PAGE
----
Tuesday, February 17, 2004

Guard Service: Then and Now

The president and his spokesman do not seem to understand why Mr. Bush's record in the Texas Air National Guard repeatedly being called into question. Mr. Bush insists that this issue was fully addressed in the 2000 campaign. But many things have changed since Mr. Bush has taken office.

Mr. Bush initiated what now appears to have been an ill-advised and unnecessary military invasion of Iraq. This massive military campaign necessitated the activation of innumerable National Guard units and their soldiers. These previously part-time soldiers have been ordered to active duty -- the same active duty Mr. Bush joined the Guard to avoid -- and sent to a battle-field overseas -- much like the battle field that Mr. Bush joined the Guard to avoid. One year ago, 79,000 Guard and Reserve members were on active duty. Now, nine months after Mr. Bush declared an end to major combat in Iraq, 190,000 are on active duty.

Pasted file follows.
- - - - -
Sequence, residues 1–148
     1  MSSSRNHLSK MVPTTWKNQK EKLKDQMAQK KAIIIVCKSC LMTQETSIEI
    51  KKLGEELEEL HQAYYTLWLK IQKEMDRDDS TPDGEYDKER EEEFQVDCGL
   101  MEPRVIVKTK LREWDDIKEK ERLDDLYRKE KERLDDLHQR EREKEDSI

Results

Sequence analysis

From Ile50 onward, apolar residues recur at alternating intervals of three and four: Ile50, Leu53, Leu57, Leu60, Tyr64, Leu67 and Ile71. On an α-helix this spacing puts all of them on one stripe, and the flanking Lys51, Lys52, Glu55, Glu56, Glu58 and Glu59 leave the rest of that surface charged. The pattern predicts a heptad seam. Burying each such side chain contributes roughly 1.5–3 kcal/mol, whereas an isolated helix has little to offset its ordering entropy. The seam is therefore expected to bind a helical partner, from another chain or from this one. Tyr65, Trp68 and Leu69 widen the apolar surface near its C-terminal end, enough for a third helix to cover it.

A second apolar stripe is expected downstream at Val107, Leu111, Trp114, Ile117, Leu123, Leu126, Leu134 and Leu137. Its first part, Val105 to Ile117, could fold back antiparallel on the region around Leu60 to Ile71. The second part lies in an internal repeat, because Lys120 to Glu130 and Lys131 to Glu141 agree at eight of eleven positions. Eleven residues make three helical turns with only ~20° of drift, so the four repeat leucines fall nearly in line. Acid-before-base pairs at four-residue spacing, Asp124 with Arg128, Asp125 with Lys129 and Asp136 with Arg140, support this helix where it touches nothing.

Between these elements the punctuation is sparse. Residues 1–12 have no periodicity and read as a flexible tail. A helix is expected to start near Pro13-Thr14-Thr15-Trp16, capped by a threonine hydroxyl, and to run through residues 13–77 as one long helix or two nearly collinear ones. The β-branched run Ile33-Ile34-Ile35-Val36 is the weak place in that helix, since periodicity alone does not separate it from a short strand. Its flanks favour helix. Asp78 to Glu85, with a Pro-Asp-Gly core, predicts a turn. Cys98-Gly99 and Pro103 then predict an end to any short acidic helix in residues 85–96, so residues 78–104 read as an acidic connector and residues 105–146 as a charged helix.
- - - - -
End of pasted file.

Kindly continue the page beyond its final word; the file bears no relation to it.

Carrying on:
In addition, many of these Guard soldiers have been subjected to the Bush Pentagon's "stop-loss" and "stop-move" orders designed to maintain troop strength in Iraq and Afghanistan. The "stop-loss" order prevents troops from retiring or leaving the service at the end of their enlistments -- unlike Mr. Bush who admits that he left the Guard before his commitment was completed to go to Harvard Business School. The "stop-move" order holds troops overseas beyond the original end of their tours. While these troops are required to stay with their units in the war-zones of Iraq and Afghanistan, Mr. Bush was unable bring himself to remain in Texas with his Guard unit.

Currently 40,000 servicemen and women, many of them members of the National Guard and Reserve, have been affected by the "stop-loss" and "stop-move" orders.

When so many Guardsmen and women are risking their lives by serving their country overseas, it is certainly legitimate to ask if their Commander-in-Chief met his state-side service obligation.

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